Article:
Yet another right wing organization is spouting “facts” about state aid to Minnesota cities in an effort to undermine the concept of revenue sharing. However, their “facts” are more spin than substance.
The Freedom Foundation of Minnesota wants to eliminate the city local government aid (LGA) program, which was enacted in 1971 in response to an over-reliance on property taxes to fund public services. The LGA program shares state general fund dollars based on each city’s need for revenue versus their ability to generate revenue locally from property taxes.
It is somewhat odd for right wing groups to attack LGA, given that the Pawlenty administration designed the basic components of the current formula in 2003. The major problem with LGA is that funding for it has been slashed over the last six years, causing both property tax increases and reductions in funding for public services. In real per capita dollars, certified LGA has fallen by 35 percent from 2003 to 2009, not counting the 2009 aid unallotment.
The Foundation wants to eliminate LGA so that cities can spend according to their “true needs.” In fact, without LGA many low tax base and high need cities will not be able to fund their “true needs” because they will not be able to generate enough revenue from their property tax base alone.
The Foundation proposal to eliminate LGA would simply be an extension of the Pawlenty policy of the last six years that has produced higher property taxes and deep cuts in real funding for city services. Abolishing LGA would return us to the conditions that led to the property tax revolt that was the impetus for LGA in the first place. The only “freedom” being offered by the Freedom Foundation is the freedom from coherent tax policy.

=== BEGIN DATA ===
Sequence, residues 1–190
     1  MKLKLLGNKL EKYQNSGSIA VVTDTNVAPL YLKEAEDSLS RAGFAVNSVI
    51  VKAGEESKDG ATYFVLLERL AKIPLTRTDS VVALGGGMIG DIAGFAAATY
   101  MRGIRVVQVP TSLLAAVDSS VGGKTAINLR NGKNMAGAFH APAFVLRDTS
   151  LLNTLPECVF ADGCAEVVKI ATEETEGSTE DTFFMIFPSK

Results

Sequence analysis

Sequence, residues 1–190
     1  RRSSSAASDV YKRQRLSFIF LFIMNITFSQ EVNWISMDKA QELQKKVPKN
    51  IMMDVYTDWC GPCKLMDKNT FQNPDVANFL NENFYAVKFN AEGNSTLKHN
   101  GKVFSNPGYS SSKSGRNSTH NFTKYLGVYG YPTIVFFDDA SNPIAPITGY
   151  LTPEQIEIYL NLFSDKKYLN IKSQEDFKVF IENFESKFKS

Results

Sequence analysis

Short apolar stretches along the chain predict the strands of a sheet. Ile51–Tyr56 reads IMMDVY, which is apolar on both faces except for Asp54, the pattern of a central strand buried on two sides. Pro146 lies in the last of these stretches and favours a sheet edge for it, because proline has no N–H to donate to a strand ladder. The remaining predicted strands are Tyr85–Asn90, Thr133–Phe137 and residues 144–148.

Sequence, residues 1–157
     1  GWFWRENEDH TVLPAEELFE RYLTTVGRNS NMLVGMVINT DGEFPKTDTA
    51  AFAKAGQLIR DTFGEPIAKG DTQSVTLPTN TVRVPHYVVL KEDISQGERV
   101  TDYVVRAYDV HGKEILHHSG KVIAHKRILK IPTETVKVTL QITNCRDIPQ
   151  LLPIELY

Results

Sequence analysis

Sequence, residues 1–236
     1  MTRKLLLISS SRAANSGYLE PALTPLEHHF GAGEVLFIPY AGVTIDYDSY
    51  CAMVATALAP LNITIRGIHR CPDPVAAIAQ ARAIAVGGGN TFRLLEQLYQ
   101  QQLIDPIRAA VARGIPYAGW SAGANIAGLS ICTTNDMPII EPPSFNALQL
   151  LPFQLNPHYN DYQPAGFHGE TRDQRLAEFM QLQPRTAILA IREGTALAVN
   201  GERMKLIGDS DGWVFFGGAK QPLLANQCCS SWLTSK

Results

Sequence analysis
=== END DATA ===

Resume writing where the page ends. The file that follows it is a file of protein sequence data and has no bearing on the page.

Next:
To prop up its proposal to eliminate LGA, the Foundation “fact checked” three statements from mayors and city officials regarding state aid and the governor’s recent unallotment. Each of the three statements that the Foundation attacked was accurate; the “fact checking” was flawed.
Fact check #1
The Coalition of Greater Minnesota Cities (CGMC) states that “Over the past six years, Minnesota cities have [cumulatively] lost $750 million in local government aid, and as a result property taxes have increased over 65% statewide. This increase in property taxes, however, has fallen short of replacing the lost aid, so essential city services have also been cut.”
In reply, the Foundation claims that city general fund spending has grown by 40 percent from 2003 to 2009 and that spending on public safety, culture and recreation, and streets has risen significantly.